There are two errors that often rear their head when you are learning about hypothesis testing – false positive and false negative, technically referred to as type I error and type II error respectively.
At first, I was not a huge fan of the concepts, I couldn’t fathom how they could be at all useful. Throughout the years, though, I began to have a change of heart. The more I understood and encountered these errors the more they started to excite and interest me. Seeing their real-world applications and uses helped me go from an uninterested student to an enthusiastic teacher.
You know those teachers who frantically talk about a subject that nobody understands or wants to understand? Yeah, that’s me now! And its great, so I want to bring you to my level of excitement with this article by showing you how these two errors have practical implications in different and interesting real-life settings. Then hopefully, after reading it, you will be itching to tell your loved ones all about type I error and type II error. Lucky them!
Exclaimer: This article is not here to teach you how to distinguish between the two. If you would like to get an understanding of how to do that, we have made an explainer video on the subject here.
Make Errors Your Friend
Which error would you say is more serious?
A false positive (type I error) – when you reject a true null hypothesis – or a false negative (type II error) – when you accept a false null hypothesis?
I read in many places that the answer to this question is: a false positive. I don’t believe this to be 100% true. That’s further justified by the fact that a frequently asked question at data science interviews is: ‘give examples when false negative is the bigger problem’.
The proper scientific approach is to form a null hypothesis in a way that makes you try to reject it. So, let’s say I want to see if this particular article is performing better than the average of the other articles I have posted.
With this in mind, the null hypothesis I will choose is:
“The number of times my article is read will be less or equal to the number of similar articles I have posted”
If I reject the null hypothesis, this means one of two things.
- This article performed above average – Great! There’s my positive
- I have made a type I error. I rejected a null hypothesis that was true. My test showed that I performed above average, but in fact, I did not. I got a false positive.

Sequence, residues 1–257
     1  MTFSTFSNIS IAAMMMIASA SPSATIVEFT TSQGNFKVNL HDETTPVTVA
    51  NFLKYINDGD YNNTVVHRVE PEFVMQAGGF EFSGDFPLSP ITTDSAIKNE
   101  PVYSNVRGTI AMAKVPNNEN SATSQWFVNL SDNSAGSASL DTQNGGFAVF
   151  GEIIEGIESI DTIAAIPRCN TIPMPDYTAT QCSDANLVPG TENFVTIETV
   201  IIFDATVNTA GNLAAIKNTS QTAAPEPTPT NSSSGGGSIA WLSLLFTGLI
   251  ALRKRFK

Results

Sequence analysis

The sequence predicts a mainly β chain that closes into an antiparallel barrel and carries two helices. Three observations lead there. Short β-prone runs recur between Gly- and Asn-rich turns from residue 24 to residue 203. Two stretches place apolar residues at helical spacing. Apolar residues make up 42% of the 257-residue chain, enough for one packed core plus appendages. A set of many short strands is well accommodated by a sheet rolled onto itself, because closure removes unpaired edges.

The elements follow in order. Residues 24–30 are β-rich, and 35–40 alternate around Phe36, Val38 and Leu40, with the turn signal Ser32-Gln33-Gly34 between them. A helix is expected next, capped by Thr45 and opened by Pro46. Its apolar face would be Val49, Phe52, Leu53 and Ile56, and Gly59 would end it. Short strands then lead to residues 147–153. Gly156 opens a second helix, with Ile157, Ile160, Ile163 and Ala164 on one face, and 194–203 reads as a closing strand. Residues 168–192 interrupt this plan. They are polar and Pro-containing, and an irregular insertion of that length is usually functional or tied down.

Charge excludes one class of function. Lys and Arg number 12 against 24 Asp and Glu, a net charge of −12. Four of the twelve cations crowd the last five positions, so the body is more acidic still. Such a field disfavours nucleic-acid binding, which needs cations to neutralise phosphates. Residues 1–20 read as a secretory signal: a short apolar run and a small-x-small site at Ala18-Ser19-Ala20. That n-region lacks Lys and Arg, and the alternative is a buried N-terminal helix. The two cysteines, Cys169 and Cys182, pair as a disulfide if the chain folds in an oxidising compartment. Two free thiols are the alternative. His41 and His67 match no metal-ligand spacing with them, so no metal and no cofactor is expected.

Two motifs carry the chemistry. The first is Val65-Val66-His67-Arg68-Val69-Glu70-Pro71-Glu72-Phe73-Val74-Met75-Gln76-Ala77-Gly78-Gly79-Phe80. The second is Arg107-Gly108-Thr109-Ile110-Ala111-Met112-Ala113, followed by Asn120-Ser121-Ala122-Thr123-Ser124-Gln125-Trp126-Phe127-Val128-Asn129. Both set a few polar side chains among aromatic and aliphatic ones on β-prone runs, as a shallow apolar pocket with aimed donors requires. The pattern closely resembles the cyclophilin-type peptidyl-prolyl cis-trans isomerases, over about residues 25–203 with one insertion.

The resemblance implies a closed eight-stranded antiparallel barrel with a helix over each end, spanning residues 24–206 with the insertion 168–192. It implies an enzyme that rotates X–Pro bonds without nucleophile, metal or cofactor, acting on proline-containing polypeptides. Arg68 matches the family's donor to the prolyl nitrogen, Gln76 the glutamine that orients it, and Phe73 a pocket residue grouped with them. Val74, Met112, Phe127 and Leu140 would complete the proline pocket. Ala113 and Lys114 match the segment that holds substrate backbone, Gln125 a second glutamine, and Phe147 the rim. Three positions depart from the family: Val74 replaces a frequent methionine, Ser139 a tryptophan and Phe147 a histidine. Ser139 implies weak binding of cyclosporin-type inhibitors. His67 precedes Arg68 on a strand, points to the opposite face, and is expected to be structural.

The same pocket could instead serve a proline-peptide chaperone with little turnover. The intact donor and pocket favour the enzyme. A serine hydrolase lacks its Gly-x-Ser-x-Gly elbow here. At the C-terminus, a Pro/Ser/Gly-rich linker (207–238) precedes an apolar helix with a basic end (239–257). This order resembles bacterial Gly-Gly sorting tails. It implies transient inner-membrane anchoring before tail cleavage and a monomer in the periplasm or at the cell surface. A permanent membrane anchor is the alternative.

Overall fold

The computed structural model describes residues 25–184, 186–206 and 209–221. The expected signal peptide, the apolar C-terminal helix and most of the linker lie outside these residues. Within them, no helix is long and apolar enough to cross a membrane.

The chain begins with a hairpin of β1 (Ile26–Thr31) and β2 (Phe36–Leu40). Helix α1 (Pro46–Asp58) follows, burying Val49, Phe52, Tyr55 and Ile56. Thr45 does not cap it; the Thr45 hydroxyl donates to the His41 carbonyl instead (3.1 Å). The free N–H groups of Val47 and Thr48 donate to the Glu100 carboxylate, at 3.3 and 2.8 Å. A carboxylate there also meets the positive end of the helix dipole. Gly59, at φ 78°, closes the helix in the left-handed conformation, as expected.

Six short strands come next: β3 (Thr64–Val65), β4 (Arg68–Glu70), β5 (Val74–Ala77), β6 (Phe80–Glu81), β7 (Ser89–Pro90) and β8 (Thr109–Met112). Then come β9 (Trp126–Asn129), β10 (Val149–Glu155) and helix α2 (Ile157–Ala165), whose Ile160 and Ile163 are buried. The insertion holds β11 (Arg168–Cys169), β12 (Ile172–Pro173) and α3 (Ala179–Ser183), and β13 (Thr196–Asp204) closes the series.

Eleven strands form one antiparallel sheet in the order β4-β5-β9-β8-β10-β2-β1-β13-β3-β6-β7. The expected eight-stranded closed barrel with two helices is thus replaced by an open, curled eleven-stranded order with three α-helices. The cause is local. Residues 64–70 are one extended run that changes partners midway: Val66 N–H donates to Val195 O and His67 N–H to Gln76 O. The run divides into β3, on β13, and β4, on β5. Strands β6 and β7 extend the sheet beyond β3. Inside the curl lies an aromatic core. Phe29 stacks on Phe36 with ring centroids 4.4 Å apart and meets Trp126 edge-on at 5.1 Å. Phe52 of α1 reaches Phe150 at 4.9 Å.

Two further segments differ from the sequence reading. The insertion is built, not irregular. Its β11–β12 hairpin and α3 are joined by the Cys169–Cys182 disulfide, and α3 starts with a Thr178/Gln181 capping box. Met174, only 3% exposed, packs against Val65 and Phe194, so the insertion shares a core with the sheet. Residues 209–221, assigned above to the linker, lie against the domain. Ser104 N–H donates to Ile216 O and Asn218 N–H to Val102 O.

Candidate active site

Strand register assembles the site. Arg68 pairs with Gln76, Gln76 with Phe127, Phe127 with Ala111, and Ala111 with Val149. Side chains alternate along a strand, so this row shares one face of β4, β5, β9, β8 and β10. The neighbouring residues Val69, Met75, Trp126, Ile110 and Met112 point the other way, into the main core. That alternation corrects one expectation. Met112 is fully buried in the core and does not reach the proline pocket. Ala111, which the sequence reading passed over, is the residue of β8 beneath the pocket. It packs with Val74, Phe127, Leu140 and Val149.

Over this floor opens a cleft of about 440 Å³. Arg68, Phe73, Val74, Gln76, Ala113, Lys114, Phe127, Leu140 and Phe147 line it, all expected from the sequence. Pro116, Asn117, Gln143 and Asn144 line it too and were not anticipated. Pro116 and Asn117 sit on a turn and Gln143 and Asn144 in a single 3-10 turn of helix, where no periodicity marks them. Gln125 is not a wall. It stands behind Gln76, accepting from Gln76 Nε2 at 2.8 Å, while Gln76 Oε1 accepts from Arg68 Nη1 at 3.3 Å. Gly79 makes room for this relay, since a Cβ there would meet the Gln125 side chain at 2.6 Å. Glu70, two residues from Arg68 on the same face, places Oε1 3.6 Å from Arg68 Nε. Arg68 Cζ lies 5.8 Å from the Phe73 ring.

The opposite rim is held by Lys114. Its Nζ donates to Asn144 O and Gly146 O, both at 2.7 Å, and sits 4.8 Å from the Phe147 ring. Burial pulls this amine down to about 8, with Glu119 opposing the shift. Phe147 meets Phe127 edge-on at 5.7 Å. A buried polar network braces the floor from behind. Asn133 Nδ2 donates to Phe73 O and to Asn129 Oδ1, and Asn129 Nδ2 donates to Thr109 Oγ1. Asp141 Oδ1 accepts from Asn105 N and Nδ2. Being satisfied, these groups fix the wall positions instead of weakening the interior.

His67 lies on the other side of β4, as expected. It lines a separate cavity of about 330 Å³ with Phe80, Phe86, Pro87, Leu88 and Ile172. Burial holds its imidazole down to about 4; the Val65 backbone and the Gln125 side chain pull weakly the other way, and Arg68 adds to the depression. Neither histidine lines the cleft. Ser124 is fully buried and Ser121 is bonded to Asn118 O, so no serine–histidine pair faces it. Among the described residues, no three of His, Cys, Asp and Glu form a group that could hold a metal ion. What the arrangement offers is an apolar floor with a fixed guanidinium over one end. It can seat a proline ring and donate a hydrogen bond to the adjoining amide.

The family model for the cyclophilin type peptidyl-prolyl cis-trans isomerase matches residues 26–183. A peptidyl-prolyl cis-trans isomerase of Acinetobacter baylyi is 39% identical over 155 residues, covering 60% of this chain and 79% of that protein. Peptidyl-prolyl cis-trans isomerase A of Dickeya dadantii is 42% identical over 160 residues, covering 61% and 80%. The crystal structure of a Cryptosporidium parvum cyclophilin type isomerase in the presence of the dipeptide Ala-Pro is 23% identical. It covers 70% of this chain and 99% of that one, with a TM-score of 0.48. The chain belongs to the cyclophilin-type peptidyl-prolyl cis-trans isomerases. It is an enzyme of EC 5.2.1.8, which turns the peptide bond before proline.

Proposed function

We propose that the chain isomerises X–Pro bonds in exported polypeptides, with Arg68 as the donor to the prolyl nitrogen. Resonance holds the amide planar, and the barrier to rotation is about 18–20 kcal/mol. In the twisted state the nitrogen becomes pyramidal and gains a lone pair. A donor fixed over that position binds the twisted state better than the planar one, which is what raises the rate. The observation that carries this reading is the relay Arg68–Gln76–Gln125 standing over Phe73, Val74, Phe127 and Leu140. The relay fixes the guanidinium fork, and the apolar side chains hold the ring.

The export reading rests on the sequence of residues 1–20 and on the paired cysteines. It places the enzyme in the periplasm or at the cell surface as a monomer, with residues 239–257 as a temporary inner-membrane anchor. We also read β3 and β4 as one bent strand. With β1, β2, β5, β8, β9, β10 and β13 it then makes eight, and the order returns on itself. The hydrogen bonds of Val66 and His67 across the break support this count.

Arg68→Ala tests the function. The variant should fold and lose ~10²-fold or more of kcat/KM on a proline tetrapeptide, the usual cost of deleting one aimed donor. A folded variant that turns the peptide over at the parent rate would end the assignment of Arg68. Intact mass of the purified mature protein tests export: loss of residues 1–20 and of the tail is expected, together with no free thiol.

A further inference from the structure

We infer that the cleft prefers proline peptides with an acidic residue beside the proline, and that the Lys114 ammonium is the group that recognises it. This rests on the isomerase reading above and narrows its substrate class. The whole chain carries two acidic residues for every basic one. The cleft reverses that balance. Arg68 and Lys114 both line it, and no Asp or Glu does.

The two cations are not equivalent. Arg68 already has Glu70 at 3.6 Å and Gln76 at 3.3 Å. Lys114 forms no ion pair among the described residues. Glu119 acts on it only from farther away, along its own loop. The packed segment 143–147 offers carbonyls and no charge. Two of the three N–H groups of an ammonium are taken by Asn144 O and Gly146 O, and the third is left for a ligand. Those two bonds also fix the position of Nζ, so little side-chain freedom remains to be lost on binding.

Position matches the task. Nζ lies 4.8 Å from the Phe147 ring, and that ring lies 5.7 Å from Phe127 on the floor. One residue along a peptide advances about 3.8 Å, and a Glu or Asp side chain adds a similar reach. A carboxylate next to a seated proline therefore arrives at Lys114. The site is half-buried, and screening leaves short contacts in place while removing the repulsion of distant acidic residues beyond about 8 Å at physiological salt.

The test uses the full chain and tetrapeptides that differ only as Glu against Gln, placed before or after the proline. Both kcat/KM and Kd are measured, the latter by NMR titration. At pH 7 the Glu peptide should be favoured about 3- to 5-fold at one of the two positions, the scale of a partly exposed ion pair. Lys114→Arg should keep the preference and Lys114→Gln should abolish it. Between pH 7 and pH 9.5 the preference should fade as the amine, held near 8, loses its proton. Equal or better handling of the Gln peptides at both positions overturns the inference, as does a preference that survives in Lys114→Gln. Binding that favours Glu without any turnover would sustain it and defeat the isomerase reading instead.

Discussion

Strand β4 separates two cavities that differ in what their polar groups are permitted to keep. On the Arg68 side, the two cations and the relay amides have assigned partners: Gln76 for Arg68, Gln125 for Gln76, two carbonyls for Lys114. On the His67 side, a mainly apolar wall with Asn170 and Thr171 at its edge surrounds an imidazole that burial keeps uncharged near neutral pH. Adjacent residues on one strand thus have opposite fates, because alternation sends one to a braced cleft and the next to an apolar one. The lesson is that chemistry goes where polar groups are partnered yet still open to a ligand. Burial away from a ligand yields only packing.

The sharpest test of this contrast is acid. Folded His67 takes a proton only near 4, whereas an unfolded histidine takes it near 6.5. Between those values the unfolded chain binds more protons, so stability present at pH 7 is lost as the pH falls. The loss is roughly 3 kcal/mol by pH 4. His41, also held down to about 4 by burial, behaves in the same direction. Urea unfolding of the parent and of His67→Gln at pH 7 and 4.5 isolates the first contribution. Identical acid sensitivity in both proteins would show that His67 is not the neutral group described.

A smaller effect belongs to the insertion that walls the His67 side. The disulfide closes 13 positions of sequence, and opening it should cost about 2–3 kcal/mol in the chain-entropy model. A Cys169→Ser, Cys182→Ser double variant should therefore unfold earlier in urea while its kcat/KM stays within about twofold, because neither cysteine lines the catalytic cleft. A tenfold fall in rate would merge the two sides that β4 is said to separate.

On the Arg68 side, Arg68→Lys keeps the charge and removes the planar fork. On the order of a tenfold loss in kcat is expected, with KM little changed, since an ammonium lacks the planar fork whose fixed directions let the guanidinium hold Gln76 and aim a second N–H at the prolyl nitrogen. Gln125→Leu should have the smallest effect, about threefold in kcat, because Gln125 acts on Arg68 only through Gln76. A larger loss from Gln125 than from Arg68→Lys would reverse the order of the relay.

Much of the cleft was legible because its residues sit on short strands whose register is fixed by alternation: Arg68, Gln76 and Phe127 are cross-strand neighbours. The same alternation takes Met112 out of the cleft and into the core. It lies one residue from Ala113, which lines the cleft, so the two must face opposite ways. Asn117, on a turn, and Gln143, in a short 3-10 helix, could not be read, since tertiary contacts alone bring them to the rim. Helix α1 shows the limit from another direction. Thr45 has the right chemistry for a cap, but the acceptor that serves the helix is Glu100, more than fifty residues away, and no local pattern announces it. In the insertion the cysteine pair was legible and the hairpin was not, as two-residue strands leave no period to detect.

Yes, here my false positive has a bad outcome, I will inevitably think my article is better than it is and, from now on, write all my articles in the same style, ultimately hurting my blog traffic. This will no doubt will affect my career and self-esteem in a negative way.
What about the type II error – the false negative?
This would occur if, say, this article was a masterpiece of blog writing, but my test shows me that it is not even mediocre. Of course, I will not attempt to write articles in this style any time soon. However, I am a driven person that learns from his ‘mistakes’ so instead try different techniques and potentially create even better writings.
This is not the best outcome, I may have missed an opportunity but that is in no way as devastating as the false positive where I believe I have done something to improve my career but instead potentially ruined it.
Now, this is a case where the worse situation is the false positive, however, a crucial fact is that I STATED the null hypothesis in a specific way. Had I swapped the null and alternative hypotheses, the errors would have been swapped, too.
Let me show you.
New null hypothesis
“The number of times my article is read will be more than the number of similar articles I have posted”
In a false positive situation, I would reject a null hypothesis that is true. So, the test would show that my masterpiece is actually mediocre or worse. Remember this phrase? That was the false negative from the previous example.
What this shows is that the two errors are interchangeable. Therefore, it is all about the design of your study; you can change things to help you avoid the bigger problem.
Finding the positive in the… positive.
“Can you provide examples of situations when a false positive has a better outcome than a false negative?” (and vice versa)
Of course, you could use the above example, however, some academics don’t particularly like to hear the idea of swapping hypotheses. I just wanted to prove a point that everything is not so black and white when it comes to this concept.
Plus, I have plenty more examples for you that you can lay on your potential employer and show them that you really know your stuff. You’ll win them over in no time!